With news of USI launching a campaign highlighting concerns about the controversial Bank of Ireland postgraduate loan scheme, Emily Mullen and David Farrell debate what impact the loan could have on students.
Bank of Ireland is launching a new loan scheme ahead of the academic year, aiming to provide a new system of covering college fees with minimal governmental capital. The argument resides, however, as to whether this system, if managed properly, could free a portion of the heavy reliance that education hold on the government’s subsidies.
The College Loan scheme is a tough issue for students to grapple with. In theory, it is the solution to financial issues of both students and the state. The current system of expecting students to provide either the extensive fees upfront, or expecting students to be provided with a governmental grant in order to progress into postgraduate study, are both undesirable.
The concept of financial independence and low interest rates that have been practiced in England, Australia and beyond, appeals to Irish students. But when faced with a scheme that operates seamlessly on an international basis, the Irish government, hand in hand with Bank of Ireland, managed to bollocks it up. Through hiking up interest rates and restricting those applicable for the loan terms, the scheme has restricted many students who were prepared to make the financial risk to enrol in postgraduate studies. The requirements for loans are structured around an altogether more financially ‘comfortable’ student, one with a clean credit history and one that is prepared to pay the 9.7% interest rates three months after graduating. Far from finding a solution to the grant system, the government has managed to ruin an exemplary framework loan system and isolate the majority of students from the scheme.
However, students who aspire to leave University with a postgraduate degree should be expected to foot some of the costly bill that it imposes. A postgraduate education is a lengthy and exorbitant process, one that a student who has enjoyed a comparatively free undergraduate education, should take some responsibility for. A masters or doctorate is could be considered a superfluous choice, and far from a necessity. Many choose it to further their employment opportunities, yet they already hold an important degree.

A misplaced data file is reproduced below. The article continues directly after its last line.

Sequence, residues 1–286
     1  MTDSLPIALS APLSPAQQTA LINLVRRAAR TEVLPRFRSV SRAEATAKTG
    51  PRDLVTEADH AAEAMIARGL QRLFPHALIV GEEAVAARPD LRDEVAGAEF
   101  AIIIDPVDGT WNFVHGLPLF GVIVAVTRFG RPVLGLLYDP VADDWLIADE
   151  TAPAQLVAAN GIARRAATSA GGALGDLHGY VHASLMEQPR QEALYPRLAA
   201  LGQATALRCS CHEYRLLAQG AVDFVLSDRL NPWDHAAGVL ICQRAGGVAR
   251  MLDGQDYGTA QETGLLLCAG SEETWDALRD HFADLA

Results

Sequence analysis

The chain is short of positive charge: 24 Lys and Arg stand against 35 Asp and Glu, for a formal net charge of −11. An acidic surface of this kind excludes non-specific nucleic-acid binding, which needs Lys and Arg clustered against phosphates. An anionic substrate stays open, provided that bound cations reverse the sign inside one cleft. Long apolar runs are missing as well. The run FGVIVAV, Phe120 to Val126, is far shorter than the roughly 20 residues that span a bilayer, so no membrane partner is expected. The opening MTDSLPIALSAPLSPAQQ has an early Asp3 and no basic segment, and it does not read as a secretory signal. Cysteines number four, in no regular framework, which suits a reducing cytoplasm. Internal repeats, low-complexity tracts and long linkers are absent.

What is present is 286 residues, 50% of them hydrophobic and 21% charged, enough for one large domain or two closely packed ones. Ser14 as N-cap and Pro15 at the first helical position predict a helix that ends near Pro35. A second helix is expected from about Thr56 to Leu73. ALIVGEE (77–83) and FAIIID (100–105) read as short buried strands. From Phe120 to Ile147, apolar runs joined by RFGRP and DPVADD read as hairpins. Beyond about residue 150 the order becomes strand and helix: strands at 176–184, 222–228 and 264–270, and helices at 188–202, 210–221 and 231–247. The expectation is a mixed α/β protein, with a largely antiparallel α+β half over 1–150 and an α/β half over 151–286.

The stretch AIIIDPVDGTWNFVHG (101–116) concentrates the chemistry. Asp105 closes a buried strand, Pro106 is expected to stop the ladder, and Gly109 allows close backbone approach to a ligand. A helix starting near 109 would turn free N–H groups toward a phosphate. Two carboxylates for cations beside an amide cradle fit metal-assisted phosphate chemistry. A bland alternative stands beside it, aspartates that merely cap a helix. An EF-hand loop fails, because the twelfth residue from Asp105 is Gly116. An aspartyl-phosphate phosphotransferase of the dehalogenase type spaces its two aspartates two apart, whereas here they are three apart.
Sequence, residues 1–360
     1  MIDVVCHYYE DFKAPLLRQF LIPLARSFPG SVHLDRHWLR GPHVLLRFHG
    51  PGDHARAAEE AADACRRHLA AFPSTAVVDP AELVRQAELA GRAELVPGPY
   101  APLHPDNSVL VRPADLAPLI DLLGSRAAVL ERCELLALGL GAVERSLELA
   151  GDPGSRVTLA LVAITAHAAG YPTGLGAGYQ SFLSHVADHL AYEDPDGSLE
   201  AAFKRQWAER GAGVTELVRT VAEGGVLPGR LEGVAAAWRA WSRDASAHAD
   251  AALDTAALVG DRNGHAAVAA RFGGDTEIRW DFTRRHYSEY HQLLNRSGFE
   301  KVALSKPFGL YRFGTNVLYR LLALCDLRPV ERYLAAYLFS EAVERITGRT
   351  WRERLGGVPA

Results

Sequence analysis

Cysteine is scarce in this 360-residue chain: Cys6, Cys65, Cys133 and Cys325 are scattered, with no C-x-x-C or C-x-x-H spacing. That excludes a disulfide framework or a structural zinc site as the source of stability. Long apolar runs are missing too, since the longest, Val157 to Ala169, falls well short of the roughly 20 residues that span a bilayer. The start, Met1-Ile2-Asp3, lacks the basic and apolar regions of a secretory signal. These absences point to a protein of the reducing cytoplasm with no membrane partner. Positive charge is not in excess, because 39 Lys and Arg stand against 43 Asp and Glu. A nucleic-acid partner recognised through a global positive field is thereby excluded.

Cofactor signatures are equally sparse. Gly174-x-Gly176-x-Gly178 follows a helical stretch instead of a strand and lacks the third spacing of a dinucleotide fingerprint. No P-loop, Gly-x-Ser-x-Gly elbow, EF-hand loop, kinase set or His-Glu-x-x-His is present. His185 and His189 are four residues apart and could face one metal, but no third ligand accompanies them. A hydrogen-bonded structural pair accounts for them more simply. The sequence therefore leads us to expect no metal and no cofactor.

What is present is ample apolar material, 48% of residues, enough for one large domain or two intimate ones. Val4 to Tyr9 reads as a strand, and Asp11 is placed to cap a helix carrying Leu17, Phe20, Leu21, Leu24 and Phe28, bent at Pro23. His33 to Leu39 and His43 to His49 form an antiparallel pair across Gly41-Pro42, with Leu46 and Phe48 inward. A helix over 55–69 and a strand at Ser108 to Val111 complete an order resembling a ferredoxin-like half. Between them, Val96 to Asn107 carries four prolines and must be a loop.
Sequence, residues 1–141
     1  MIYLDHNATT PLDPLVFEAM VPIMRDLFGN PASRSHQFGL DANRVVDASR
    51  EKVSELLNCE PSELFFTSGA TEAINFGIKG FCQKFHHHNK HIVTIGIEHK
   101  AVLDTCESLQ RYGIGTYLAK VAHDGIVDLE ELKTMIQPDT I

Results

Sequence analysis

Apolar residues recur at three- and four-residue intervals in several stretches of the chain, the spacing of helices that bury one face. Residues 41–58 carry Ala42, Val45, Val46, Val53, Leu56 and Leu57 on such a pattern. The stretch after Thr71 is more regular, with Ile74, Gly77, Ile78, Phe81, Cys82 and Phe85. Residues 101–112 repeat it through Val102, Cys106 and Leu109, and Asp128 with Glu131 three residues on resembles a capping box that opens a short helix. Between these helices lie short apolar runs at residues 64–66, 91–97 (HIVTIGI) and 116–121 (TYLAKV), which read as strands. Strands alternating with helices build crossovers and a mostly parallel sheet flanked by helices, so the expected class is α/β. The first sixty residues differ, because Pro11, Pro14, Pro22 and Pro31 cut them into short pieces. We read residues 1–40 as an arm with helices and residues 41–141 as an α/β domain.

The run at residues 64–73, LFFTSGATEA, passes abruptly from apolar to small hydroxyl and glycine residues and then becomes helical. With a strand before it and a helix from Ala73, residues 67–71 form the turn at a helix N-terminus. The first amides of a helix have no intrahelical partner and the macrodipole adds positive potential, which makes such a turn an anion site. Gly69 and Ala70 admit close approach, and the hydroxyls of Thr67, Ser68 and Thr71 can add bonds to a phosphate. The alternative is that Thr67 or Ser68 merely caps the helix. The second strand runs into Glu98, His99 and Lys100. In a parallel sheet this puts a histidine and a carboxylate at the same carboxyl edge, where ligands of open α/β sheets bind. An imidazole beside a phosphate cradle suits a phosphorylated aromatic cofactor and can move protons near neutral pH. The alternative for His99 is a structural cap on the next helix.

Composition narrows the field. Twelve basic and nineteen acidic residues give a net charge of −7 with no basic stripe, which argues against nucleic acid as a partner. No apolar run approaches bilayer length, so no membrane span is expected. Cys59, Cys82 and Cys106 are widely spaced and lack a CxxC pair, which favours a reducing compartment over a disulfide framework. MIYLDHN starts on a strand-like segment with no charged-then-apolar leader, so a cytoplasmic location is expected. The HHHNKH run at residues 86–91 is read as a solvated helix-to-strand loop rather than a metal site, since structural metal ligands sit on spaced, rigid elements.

The grant system is applicable for the undergraduate system, yet the postgraduate system is an altogether different entity. The extensive cost of the completion of a masters or a PhD should be the responsibility of the student and not of the government. A fine line should be drawn between a free education system and taking the government and the taxpayer for a ride. It is incorrect to prophesize that this scheme will cause a ‘two-tier’ educational system; it will just leave the cost of postgraduate education up to the individual, who ultimately will benefit the most from this educational investment.
Some costs should be incurred for a top class education, it should be standard that everyone has the right to an undergraduate education, but only those dedicated and willing to sacrifice should avail of a postgraduate education. It is not feasible that every student can avail of postgraduate studies. It is the top end of the educational spectrum and it has to maintain its exclusivity otherwise its importance, esteem and regard will become inconsequential. The argument that only the ‘rich’ or ‘comfortable’ can only avail of this exclusive service, is possibly correct in terms of only students that have a clean credit history can avail of this incredibly flawed college loan scheme proposed by Bank of Ireland. Yet it is not up to the state to fit the bill of a postgraduate education, it should be an autonomous act, facilitated by a decent college loan scheme.
by Emily Mullen
Rebuttal – David Farrell